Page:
After dinner we got back to the hotel, but we weren't quite ready to call it quits, so we went up to the 48th floor, where the revolving rooftop bar made a delightful location to have a drink before bed. It's a great experience; a fun touch is that the cocktail napkins are printed with a circular "skyline map" identifying all the buildings that you see, so that as you rotate around you can make sense of what you're looking at.
Assuming you're brave enough to actually look out the window, that is, and aren't just clutching your table and chair as tightly as possible (really? did I do that?)
Originally, we were planning to take a boating cruise in the morning; there are several of them which circumnavigate Manhattan, and it seemed like a relaxing way to see a lot of New York City (from the water). But the cruise was cancelled and so we didn't go; in retrospect, this was probably to our benefit, as the weather that day was misty and with very low clouds, so much of the city would have been hidden in the haze.
Instead, we made our way down to Battery Park and Castle Clinton and took the ferry to Liberty Island and on to Ellis Island. Although the weather was indeed gray and misty, in a way this rather enhanced the trip, as Liberty Island emerged from the clouds to our great delight.
We didn't have the fancy tickets to climb up into the statue itself, so we contented ourselves with walking around the island and looking at the statue from ground level, which was quite enjoyable.
Then we returned to the ferry and proceeded on to Ellis Island. Although it doesn't have the Statue of Liberty on it, Ellis Island is in many ways a much more interesting place.
Over the last few decades, the Ellis Island facilities have been converted to an immense and extremely well-organized museum, telling the story of immigration and how it built the United States of America.
The main building is 3 massive stories tall, and nearly all of it is museum. Even though many of the exhibits are straightforward, and we made an effort to move through in a lively fashion, it was well over an hour to see what we saw, and I think we saw barely half of what there was to see.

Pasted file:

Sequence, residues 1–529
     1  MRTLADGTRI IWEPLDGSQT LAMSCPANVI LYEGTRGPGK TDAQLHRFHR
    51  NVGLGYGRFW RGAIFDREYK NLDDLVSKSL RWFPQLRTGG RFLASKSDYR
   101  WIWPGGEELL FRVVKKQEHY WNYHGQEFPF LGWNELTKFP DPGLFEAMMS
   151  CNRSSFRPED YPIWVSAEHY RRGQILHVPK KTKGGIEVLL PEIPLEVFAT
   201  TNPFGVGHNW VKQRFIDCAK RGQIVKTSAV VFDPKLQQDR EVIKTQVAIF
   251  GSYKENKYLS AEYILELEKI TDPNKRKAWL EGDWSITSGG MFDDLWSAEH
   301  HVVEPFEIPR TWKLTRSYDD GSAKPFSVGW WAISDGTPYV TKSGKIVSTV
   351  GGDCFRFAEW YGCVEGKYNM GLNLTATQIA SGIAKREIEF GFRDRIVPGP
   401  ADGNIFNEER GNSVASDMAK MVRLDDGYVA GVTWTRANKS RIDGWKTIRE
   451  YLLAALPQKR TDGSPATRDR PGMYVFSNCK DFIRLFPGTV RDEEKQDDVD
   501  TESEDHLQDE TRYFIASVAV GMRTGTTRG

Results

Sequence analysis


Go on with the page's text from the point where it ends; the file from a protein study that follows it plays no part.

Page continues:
The ferry returned us to Battery Park, and after some wandering around, and some lunch, the weather had cleared nicely, and we made our way up to Central Park.
I was very interested to see the John Lennon memorial in Central Park, and I wasn't disappointed. It is quite nice, and it was filled with people like myself, stopping to look and think a bit before moving on, all of us quietly part of a shared experience.
The weather was glorious, so we walked around Central Park for several hours. We moseyed across from Central Park West to Central Park East, stopping at places like the Bethesda Fountain, the Hans Christian Anderson statue, the Model Boat pond, and the Alice in Wonderland statue.
Every so often we would wander out of the park, but the surrounding areas weren't as nice, so we just kept wandering back into the park, walking up and down the tree-lined paths, marveling at all the different things to see.
After a while we were tired, so we found a nice spot on the Upper West Side to sit for a while and rest and talk; when we were restored it was already getting on to dusk, so we made our way down to Lincoln Center to see the fancy theaters.
Later we made our way out to Rockefeller Center, which was already all lit up for the holidays. We tarried for a while, watching the ice skaters in the ice rink, and wandering through the enormous Lego Store.